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Archaeology Notes

Event ID 882874

Category Descriptive Accounts

Type Archaeology Notes


NT62SE 15.00 65038 20448

NT62SE 15.01 NT 650 204 Roman altar

NT62SE 15.02 NT 650 204 Roman altar

NT62SE 15.03 NT 650 204 Grave-slab

NT62SE 15.04 NT c. 650 204 Screen fragment

(Centred NT 6503 2044) Jedburgh Abbey (NR) (In Ruins)

OS 25" map, (1921)

The site of the Augustinian Abbey of St. Mary has been occupied by a church from the 9th century onwards; but this early church only appears in history at the turn of the 11th and 12th centuries. This church seems to have been adopted by the Augustinians until their Abbey church was sufficiently advanced for use; no part of it has survivied, but the plan of the abbey cloister suggests that it stood in the position occupied by the six eastern bays of the present nave.

The house was founded by David I before 1139. The choir may be ascribed to the second quarter of the 12th century. The early church was probably demolished before 1174, and the church, as a whole, was evidently finished by the middle of the 13th century at the latest. That done, the cloister was remodelled.

The abbey was rendered uninhabitable by the English in 1297, and was thrice ravaged again in the 15th century. Reconstruction took place in the 14th and 15th centuries. The tower was partly rebuilt between 1504 and 1508, but in 1523 the abbey was burnt by the English, and again in 1555. However, the church was sufficiently entire to be used in 1552 for the consecration of Bishop David Painter. Seven years later the abbey was suppressed.

By 1220 an altar in the nave had been appropiated to parochial use, and a parish church is mentioned in the 16th century. In 1668-71 a new church was erected within the west end of the nave. In 1875 the parish church was removed to a new site, and the abbey church thereupon ceased to be a place of worship. At this time the ruin of the abbey was repaired and the post-Reformation additions removed. In 1913 the fabric was placed in the guardianship of the Ministry of Works and has since then been thoroughly consolidated.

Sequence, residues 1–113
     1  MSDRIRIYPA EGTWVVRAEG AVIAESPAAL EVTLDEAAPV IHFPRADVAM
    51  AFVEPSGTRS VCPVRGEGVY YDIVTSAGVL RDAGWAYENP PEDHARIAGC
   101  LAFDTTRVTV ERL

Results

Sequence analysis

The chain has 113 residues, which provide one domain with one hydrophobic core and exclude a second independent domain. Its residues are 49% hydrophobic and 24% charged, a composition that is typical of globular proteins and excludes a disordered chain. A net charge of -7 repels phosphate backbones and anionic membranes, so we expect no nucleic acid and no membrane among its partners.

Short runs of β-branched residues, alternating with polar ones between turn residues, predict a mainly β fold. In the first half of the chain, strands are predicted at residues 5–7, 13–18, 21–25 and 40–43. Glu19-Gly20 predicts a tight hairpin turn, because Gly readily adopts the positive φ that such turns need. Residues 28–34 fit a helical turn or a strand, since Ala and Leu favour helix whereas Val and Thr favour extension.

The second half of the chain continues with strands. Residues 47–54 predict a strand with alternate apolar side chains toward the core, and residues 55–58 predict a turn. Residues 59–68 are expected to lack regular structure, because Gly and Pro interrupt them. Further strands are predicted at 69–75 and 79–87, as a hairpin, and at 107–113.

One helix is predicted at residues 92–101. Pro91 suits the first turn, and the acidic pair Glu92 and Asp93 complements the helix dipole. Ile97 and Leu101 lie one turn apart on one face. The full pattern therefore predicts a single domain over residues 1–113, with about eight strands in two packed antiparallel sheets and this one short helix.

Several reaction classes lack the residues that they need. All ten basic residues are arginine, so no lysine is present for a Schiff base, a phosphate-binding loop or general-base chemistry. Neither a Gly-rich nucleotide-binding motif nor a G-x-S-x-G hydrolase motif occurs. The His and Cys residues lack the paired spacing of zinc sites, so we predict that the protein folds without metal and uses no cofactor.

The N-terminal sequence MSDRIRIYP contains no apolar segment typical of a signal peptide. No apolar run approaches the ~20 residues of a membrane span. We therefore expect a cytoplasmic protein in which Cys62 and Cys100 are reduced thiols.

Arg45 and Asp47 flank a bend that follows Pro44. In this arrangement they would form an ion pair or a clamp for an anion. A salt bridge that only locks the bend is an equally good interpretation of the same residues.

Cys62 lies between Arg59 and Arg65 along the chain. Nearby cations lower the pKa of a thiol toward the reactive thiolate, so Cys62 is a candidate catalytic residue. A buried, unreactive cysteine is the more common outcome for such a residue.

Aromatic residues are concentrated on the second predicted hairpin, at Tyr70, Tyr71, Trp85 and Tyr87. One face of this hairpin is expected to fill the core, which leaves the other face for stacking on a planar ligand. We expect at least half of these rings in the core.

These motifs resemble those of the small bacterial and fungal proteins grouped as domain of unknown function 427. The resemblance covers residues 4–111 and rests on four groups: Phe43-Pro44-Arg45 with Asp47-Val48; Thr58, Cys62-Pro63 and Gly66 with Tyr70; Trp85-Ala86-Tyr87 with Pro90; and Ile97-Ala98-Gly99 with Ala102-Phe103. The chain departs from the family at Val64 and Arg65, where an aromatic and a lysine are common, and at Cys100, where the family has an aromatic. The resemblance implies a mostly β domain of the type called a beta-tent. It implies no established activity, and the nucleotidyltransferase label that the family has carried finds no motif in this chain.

RCAHMS 1956.

Finds of other Periods:

Immediately inside the entrance to the stair in the northern external buttress at the west portal of the Abbey Church, a Roman Altar has been re-used as a lintel. This altar may have come either from the fort at Cappuck (Roxb 20 NW 12) or, more probably, from some nearer site as yet unidentified.

In the south face of the south wall of the undercroft of the frater, there is set a fragment of Roman carved stone, 15 1/2 inches high x 13 1/2 inches wide. The piece seems to have been broken off from the left-hand top corner of the back of a large altar.

Part of the inscribed face of a Roman Altar, re-used in paving the NE angle of the presbytery after having been cut down to its present dimensions of 19 x 17 x 6 inches, now lies in the parish graveyard, adjoining the abbey on the north. Also in the parish graveyard there are three fragments of stone which, according to Mr C A R Radford who dates these fragments to about AD 700, doubtless came from the shrine of a saint - possibly St. Boisil, one of the early abbots of Old Melrose (Roxburgh 8 NE 7 ).

Also in the graveyard are fragments of more than one Dark Ages cross, and a small fragment of a cup and ring marked stone found within the Abbey in 1903.

RCAHMS 1956.

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